• Drop bar bikes have an issue with rohloff shifter not fitting. Many solutions but in the end I went for Van Nicholas Divisible bar which split in the centre with a bolt and allow the shifter to be fitted. I was surprised at how heavy they are but guess they need that extra weight to make the split safe.
  • I left the steerer with a 10mm spacer above the stem so I can raise the bars as I get older and stiffer, its really ugly I know. I might cut it later but that can be done any time but not put back!
  • Hebie Chainglider keeps the muck off the chain, not common to see a fully enclosed chain outside Holland.


It’s a mixture of new and old (but loved) components:

  • Kinesis Crosslight Fork is disc and cantilever compatible and allows mudguards. I am not a fan of carbon forks as any knocks can lead to catastrophic damage and I often use trains and sometimes planes.
  • Crankset and front wheel is a 1990s Shimano 600 (which became Ultegra later) so whilst I have the weight of a solid axle it’s a nice crank. It has lain unused since I switched to a compact crankset on the audax to get up the hills. Gearing with the rohloff is 42/16.
  • Saddle is a 1980s Brooks Professional which I have now used for over 30 years! Still got lots of life in it and now it is well broken in it’s the most comfortable thing ever. It’s no lightweight though at 580g.
  • Brake levers are Tektro V brake compatible ones and work great with Tektro brakes. A flexible noodle with inbuilt cable adjuster solves the problem of adjusting V-brakes with drop levers.

Nice work there, but at the end of the day – how does it ride?

I went for my first proper ride  – 45 miles of rolling roads. It exceeds expectations, I had read that Ti bikes are stiff but comfortable and it is true. A few minor tweaks needed and it will be ready for my Lands End to John O’Groats in August!

What I love about it is that it’s uniquely mine and I think it looks great! The fit, comfort and handling are spot on, plus of course it won’t corrode or rust.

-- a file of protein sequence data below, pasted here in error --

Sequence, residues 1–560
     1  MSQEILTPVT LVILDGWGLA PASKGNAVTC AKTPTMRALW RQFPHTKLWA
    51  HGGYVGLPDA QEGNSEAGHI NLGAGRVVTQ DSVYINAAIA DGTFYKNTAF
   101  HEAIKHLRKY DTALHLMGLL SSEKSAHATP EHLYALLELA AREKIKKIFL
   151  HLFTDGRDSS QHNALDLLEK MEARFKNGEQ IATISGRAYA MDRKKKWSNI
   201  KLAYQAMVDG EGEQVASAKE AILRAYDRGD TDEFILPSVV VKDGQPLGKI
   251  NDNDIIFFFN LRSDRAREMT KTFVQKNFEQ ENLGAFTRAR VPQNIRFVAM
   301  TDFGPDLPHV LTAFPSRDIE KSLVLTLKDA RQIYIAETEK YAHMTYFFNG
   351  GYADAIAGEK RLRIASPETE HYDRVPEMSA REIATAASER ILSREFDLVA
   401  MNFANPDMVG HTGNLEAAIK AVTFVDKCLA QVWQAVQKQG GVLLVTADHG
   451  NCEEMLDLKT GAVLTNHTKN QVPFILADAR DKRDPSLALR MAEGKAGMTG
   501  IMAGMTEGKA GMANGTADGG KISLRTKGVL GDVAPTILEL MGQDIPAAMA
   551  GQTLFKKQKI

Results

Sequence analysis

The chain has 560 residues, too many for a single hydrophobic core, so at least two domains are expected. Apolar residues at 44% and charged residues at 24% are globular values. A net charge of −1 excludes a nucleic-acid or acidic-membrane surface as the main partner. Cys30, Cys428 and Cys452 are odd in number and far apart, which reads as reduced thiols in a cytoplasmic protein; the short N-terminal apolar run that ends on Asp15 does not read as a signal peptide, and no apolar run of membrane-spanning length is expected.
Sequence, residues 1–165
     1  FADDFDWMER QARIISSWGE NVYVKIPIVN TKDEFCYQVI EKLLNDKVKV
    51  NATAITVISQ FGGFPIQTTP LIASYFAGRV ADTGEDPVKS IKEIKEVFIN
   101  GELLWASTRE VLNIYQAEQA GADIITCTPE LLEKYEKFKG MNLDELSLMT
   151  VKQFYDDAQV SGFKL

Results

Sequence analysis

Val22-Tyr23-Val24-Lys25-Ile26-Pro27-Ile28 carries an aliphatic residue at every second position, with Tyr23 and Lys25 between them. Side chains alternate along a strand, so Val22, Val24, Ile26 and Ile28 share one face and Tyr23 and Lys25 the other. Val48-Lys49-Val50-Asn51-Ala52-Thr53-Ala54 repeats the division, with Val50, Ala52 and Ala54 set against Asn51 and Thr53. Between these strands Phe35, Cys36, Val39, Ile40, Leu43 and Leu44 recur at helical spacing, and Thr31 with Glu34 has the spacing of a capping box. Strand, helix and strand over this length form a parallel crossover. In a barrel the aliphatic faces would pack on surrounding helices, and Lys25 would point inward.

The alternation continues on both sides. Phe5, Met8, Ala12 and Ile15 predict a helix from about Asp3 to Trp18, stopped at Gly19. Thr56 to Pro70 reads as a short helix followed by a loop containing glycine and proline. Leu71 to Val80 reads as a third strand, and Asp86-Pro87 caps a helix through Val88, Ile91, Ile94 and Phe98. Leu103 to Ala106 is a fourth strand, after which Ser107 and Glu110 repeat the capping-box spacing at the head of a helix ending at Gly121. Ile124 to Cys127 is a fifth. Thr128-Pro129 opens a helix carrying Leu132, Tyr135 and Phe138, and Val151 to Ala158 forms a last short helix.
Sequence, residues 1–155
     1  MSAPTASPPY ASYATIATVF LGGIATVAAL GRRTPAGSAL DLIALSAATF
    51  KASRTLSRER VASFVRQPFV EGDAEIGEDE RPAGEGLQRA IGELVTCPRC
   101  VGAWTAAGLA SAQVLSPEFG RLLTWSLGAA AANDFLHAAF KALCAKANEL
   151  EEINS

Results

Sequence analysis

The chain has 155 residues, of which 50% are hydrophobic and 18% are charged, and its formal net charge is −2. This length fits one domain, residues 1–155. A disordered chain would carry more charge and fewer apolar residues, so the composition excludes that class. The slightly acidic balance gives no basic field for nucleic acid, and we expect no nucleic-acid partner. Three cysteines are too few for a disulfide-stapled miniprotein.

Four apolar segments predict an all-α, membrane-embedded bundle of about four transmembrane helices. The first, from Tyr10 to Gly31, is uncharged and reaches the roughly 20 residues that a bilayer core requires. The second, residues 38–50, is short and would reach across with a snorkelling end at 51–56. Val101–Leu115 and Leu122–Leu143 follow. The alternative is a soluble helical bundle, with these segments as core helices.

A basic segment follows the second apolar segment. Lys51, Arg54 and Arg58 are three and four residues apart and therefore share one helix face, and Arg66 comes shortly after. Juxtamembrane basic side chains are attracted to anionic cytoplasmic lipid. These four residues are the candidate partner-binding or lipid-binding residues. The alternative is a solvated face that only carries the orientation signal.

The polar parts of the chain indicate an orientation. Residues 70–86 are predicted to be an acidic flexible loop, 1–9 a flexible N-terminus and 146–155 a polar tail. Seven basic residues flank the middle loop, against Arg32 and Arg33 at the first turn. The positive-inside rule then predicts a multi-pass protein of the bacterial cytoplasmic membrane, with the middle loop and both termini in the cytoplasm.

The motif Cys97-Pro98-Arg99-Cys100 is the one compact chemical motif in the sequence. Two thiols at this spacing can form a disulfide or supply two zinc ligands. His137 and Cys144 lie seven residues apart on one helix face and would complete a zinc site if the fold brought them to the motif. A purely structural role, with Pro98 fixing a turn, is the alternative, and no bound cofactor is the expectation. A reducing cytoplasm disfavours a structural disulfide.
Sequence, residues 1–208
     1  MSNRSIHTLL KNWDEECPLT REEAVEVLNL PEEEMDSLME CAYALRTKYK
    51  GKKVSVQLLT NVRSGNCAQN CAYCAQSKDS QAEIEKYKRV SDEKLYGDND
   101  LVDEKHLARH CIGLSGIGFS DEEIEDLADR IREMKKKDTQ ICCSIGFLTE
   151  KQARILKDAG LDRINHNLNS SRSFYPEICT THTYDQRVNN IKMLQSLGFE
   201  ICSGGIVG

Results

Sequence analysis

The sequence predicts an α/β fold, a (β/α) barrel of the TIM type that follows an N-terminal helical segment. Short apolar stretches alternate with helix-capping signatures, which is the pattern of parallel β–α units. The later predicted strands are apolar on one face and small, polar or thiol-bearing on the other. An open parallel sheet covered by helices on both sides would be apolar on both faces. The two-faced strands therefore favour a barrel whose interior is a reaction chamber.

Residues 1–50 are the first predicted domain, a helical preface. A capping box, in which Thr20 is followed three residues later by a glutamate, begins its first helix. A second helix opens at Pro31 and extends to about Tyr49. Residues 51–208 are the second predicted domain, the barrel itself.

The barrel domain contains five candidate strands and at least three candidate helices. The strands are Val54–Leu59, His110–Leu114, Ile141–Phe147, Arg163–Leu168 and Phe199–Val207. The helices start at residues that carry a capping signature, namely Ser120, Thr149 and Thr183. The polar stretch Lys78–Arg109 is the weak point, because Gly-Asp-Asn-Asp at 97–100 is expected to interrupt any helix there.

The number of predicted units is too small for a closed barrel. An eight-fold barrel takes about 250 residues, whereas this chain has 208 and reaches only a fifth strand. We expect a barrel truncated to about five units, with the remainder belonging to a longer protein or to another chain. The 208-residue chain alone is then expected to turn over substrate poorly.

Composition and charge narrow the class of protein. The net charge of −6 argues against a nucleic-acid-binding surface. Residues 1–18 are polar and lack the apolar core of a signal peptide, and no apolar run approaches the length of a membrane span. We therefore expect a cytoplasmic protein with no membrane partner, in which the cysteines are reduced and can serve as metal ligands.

The hours and hours reading up about bike dimensions, working on bikeCad and measuring my bikes in the garage were well spent.

At the end of the day I have put together a custom rohloff Ti-frame bike for less than £1200 (OK, I already had the hub and various other bits). Cheaper than an off the peg titanium frame and so much better because it’s mine!

Job well done!

As always it’s great to see another job well done and someone very happy with the results. Sam has the benefit of many years in the saddle and clearly had a good idea of what he was looking for.

He’s been able to build up a minimum maintenance machine that should see him right for many days of high mileages…

Not really much to add to his design thoughts there as he’s pretty much nailed it first time. It does seem a shame though that Rohloff haven’t come up with a better design for a drop bar shifter yet, it would be good to do without the extra weight of the bolt together bars!

I think I’ll have to leave it to Sam to take a second look at his design…

What would I do differently:

I accepted Waltly’s suggestion to change the routing of the gear cables for the rohloff hub which were moved to the down tube/chainstay. The disc brake rohloff hub uses an external cable box which is better fed from the chainstay.

Unfortunately the non disc hub that I’ve got now uses some quick release cable splitters, for easy wheel removal, and these foul on the rear set of cable guides in certain gears over rough ground. I’ve fitted some duct tape to stop this but would like to have a better solution for the future.

I’d also like to put the front set of cable guides on the head tube rather than the downtube or toptube; just to avoid any cable rub really.

In addition I’ve got other plans in the pipeline: a Brooks titanium railed saddle would be an excellent weight saver but I wouldn’t look forward to the 500 miles needed to break it in! Installing disk brakes would also be another good move when funds allow.

And there you have it – all that remains is to say good luck for the LEJOG Sam and ‘chapeau’ for the book!

Have you had a frame made that you’d like to share with everyone else? Do drop me a line via the contact page and let me know.